And you blacked out, even in high school?
Oh, yeah. That became the Friday night goal: who could black out first.
How did you get to the point where you wanted to kill yourself?
I had been stealing from my roommate. I'd been lying to my parents, spending all their money. I had two different doctors writing me prescriptions. I was hated by most of the people that I knew. I was basically failing out of the school of my dreams. I had ruined the life of a girl back at home who had been nothing but sweet to me. Most of all, I hated myself, doing all these things.
But you couldn't stop?
Exactly. I was hopeless and alone, and it just seemed so logical and easy to just give up.
What do you do when you go to concerts now?
I listen to the music. It's this weird new thing I'm trying! I see the crowd that I thought I wanted to be a part of: the people who are missing half the show to go to the bathroom to snort whatever.
It was hardest for you to get over Ambien?
Yeah. In rehab it was easy for me to be done with pot. It leaves you feeling burned out. The only thing I still had longing for was the Ambien. It's hard to believe, even for me, that after doing coke and ecstasy and all these hard drugs that the one that would still pique my interest would be a sleeping pill.
How did you feel about Heath Ledger's death?
It reminded me of what could have happened to me last year. Those kinds of things are really sad for me. Being where I am at now, I know there's a solution. It sucks to see other people not find this way out, the recovery aspect of it, because it really is the best thing I've ever found in my life.
What happened to the high school girls who told you about grinding up prescription drugs?
One went to jail and the other one died. She overdosed on heroin. It was her first time doing it.
What do you think of the White House campaign?
The prescription thing is huge. People know coke is bad; people know heroin is bad. You don't need too many commercials out there saying that. The whole idea that this thing that the doctor's prescribing you could very easily become an addictive habit, or cause an overdose, or get into your kid's hands and suddenly he and his friends have a new weekend activity—that's something people need to know.
NEWSWEEK also spoke to Evan's father, George. Excerpts:
NEWSWEEK: How did you find out about Evan's problem?
George: We knew marijuana was a part of his lifestyle to some degree, and we thought the Ambien was being taken properly. We didn't put it together. We were the typical parents. He went off to college in fall of 2006. And things escalated out of our control. He had more access to drugs. He had two prescriptions for Ambien being written. Ultimately he told my wife on Dec. 3 that he felt he was addicted to it and was seeking counseling and not to tell me. Three days later he called us to say goodbye. He had slit his wrists. We called his college, and they swung into action, found him very quickly. He was in the basement of his dorm.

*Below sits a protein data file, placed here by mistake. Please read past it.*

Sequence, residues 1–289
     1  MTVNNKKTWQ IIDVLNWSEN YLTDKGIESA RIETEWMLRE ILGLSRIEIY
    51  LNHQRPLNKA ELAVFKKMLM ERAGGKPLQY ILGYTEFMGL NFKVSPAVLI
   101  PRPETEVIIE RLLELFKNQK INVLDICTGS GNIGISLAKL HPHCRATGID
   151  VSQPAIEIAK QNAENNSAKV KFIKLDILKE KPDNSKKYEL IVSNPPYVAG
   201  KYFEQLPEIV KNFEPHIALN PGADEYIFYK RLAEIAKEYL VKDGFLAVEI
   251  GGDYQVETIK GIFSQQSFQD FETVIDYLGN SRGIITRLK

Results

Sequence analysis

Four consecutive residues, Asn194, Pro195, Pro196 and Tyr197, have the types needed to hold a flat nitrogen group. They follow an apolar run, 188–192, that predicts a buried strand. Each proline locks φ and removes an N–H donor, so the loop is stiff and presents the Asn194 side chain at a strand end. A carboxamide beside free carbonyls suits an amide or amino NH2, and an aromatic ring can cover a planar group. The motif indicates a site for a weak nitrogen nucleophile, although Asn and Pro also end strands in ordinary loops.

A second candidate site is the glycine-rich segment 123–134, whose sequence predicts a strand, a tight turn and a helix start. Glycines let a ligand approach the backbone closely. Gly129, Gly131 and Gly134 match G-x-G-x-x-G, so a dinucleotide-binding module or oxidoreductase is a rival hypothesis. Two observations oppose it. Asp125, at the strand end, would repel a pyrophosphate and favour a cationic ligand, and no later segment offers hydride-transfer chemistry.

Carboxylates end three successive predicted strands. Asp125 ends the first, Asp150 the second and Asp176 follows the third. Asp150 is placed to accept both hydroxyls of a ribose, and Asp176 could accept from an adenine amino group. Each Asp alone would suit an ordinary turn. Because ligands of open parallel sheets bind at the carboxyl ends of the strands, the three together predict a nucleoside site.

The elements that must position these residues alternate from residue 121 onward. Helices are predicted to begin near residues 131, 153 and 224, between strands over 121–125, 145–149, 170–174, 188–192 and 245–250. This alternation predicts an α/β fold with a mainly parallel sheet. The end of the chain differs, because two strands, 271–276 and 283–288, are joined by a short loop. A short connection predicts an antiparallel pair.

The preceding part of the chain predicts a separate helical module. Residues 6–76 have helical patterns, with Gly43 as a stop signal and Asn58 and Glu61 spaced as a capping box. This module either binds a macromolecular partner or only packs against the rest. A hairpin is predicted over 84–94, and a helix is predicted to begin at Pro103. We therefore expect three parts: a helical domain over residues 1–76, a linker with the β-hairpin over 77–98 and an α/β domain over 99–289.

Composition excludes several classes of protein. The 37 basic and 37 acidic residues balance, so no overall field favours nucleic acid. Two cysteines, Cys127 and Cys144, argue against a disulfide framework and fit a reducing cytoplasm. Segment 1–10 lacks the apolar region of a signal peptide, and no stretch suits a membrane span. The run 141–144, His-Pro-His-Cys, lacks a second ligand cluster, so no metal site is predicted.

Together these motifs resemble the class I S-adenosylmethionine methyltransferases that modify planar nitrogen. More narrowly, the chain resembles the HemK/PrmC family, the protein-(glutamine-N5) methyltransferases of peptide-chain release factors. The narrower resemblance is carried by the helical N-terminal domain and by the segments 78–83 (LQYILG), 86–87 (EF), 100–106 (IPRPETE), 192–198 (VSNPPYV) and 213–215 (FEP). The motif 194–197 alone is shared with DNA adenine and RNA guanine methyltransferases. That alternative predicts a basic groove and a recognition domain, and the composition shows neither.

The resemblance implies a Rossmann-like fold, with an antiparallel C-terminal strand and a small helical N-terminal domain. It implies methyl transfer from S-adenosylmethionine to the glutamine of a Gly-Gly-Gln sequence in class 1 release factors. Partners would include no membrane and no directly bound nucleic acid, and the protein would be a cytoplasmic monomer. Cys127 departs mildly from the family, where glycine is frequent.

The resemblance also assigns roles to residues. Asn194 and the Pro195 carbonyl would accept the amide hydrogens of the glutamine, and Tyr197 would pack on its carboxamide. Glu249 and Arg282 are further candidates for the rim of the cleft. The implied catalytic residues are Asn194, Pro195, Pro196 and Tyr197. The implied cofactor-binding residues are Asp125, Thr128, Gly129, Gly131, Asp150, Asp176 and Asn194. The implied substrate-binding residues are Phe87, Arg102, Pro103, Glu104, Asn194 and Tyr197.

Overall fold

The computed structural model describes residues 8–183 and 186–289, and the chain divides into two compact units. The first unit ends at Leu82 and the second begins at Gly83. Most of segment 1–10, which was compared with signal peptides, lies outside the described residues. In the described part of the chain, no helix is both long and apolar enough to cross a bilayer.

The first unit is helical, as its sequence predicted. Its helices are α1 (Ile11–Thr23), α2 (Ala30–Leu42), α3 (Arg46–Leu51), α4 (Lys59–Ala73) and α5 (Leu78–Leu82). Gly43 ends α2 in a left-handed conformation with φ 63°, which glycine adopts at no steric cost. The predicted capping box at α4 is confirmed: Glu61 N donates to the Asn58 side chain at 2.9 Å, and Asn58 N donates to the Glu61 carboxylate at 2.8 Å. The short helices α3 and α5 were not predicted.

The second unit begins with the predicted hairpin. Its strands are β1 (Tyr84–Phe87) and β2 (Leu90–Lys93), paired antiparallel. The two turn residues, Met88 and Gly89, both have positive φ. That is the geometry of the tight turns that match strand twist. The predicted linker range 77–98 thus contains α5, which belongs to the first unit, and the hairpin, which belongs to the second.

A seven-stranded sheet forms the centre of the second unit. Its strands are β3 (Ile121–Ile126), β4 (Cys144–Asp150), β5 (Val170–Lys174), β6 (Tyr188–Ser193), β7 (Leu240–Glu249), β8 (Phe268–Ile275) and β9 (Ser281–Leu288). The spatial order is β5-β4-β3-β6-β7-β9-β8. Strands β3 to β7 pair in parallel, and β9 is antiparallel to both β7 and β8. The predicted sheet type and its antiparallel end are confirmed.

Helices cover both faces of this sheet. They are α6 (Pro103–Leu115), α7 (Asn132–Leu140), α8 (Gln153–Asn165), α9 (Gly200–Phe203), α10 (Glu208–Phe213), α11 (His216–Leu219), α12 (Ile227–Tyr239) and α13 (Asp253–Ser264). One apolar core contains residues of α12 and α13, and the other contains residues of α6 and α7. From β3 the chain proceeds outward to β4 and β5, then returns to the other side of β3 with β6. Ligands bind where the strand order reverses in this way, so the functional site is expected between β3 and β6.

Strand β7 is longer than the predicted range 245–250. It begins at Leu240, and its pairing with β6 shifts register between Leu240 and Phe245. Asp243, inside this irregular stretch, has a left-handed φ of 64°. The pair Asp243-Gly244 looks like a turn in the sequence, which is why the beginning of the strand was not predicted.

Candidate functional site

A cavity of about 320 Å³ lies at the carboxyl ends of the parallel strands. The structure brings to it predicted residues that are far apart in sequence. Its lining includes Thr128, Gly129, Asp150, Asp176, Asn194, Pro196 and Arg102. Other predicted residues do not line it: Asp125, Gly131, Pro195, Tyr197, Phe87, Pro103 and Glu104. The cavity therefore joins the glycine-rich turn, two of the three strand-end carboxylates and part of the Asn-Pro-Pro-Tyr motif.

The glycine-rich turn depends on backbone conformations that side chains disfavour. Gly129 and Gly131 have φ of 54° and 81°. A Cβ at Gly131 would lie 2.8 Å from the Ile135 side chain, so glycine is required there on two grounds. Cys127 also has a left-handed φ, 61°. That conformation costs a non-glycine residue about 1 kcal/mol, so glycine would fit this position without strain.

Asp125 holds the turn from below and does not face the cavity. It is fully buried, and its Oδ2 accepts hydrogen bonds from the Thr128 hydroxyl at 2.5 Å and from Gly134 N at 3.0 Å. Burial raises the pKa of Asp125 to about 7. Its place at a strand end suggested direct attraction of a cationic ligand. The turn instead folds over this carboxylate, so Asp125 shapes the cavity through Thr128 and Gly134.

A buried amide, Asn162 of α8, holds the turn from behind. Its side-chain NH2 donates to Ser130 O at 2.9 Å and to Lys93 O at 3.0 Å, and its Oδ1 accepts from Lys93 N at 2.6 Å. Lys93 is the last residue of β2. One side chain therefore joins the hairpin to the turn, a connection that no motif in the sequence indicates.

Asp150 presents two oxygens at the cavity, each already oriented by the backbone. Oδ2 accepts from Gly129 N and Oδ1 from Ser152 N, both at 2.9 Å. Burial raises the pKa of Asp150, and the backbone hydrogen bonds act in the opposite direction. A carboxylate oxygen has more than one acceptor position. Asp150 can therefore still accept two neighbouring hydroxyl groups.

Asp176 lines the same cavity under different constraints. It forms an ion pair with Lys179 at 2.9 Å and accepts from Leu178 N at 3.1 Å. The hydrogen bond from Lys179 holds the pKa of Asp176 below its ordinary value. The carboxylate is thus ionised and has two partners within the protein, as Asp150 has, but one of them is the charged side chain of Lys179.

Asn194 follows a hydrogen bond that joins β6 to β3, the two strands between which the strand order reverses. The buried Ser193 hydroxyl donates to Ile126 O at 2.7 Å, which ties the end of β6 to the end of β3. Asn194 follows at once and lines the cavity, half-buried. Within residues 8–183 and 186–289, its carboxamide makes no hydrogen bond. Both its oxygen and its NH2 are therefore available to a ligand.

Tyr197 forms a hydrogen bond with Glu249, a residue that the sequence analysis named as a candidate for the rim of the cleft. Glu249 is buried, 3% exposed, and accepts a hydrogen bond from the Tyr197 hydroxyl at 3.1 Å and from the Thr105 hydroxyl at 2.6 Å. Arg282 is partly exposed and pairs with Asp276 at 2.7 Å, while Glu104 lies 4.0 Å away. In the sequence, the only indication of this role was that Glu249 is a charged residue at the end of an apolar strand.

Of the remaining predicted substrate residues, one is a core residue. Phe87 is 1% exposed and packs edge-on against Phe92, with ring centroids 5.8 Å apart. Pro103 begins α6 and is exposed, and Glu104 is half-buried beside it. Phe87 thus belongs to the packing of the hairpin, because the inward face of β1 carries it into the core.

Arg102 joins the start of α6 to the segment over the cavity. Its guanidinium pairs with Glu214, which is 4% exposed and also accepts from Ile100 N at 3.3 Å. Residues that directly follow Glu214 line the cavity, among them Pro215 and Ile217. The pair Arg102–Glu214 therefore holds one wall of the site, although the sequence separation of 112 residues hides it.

What kind of treatment program did he attend?
He went to the Caron Foundation in Wernersville, Pa. He spent four months there, from Dec. 14, 2006, to April 15, 2007. If he had come home in 30 days, he probably would have picked up and used again very quickly.
What about your other kids?
They're OK. We've had to heal the whole house because of this. The guilt we felt as parents, the failure we felt as parents—how could this happen? It happened under our nose. We let it escalate without knowing. Then the focus as he's rehabilitating turns much to him, and [our daughters] are somewhat neglected and feel that the drug addict is getting all the attention. There's this huge ripple effect.
Evan told his story to sixth- through twelfth-graders at your school last month. What happened?
[He told them,] "I'm two years older than you. I went to school with some of your brothers and sisters, and it can happen to anyone." They saw that as so real. Here's a kid from a good suburb, went to a good school, got into a great college, respectable parents—but it happened to him. The standing ovation was instantaneous. When you and I were growing up, the drug addict was some skid-row bum who just wasn't making it in life. That's not true anymore at all.
Were there signs that in hindsight you'd like to share with other parents?
Weight loss. [He became] less approachable, more secretive, angry, anxious, confrontational. We exchanged blows, I called the cops on him, trying to scare him straight. His good grades threw us off a bit. He was maintaining the work, so [we thought] things couldn't be too bad.
Why do you think teens are abusing prescription drugs?
The kids feel [wrongly] that if it's a prescription, it's safer.